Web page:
From the performance of strangers, to our workers or bosses we are constantly bombarded with requests to provide feedback. But providing appropriate feedback can be challenging, especially when we’re angry. What’s more, there is a time and a place for a specific kind of feedback and each becomes exponentially less effective -- even dangerous if misused.

There are four (maybe a lot more) forms of feedback and each has, as I said, an appropriate context for each of them:

1. Silence.

Most people don’t think of silence -- saying nothing verbally or nonverbally -- as a form a feedback but it is. It is appropriately used when you are too angry to be constructive in your feedback. But, if over used it leads to paranoia (think about times when you rarely see your boss and get very little communication from him or her? Your mind can start to play tricks on you and we tend to fill in the blanks with negative thoughts like "maybe I’m going to get fired" instead of “maybe my boss is planning a surprise party for me.”

Related: How to Solicit Valuable Feedback From Your Board

2. Criticism.

Criticism is feedback that focuses entirely on negative behavior and is appropriate when there is nothing desirable about the behavior. If you criticism too much you damage the relationship with the other person. It can eliminate related positive behaviors and it leads to escape and avoidance. My late ex-wife and I used to play a game that I think nicely demonstrates escape and avoidance. I call the game “What’s wrong with Phil?” Were this an Olympic sport she would be the first recipient of a platinum medal. The game works like this, she would begin by asking, “Do you know what’s wrong with you?” to which I would eagerly reply, “no please tell me so I can be a better person and more productive member of society." But after awhile I tired of the game and when she would ask the kick off question I would simply exit the scene as quickly as possible.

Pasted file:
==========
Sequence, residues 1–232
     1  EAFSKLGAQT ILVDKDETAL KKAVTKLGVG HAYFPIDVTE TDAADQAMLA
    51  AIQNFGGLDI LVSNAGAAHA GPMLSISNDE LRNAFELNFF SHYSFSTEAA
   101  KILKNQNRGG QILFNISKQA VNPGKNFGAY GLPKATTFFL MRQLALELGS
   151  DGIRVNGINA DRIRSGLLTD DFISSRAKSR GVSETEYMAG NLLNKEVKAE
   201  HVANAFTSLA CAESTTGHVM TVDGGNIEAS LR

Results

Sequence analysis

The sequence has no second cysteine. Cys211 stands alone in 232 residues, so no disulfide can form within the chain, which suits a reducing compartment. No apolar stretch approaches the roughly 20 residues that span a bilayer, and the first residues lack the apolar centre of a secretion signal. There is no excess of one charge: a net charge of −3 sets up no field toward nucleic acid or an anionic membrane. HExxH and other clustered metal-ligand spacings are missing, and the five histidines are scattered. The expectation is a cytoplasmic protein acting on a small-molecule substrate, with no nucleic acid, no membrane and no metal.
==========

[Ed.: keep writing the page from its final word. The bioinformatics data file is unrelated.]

Related: Five Steps for Giving Productive Feedback

3. Advice.

Advice is when you provide feedback on a positive behavior in conjunction with feedback with an undesired behavior. For example, if someone gets in early and always makes the first pot of coffee but also a big mess, you might provide advice like this, “I really appreciate that fact that you always come in early and make the first pot of coffee, I have to tell you that it is delicious and I really need it when I come into the office, but you might be even more effective if you would please clean up the mess that gets made in the process.” If you were to have used criticism the person would likely stop making coffee.

Related: 4 Ways to Get Truly Honest Feedback From Employees

4. Reinforcement.

The final form of feedback is reinforcement and it is used to reinforce positive behavior that has no associated undesired behavior. However, reinforcement can be overused to such an extent that it can lose its impact or even come off as condescending and insulting (“Of course he likes it, he’s an idiot.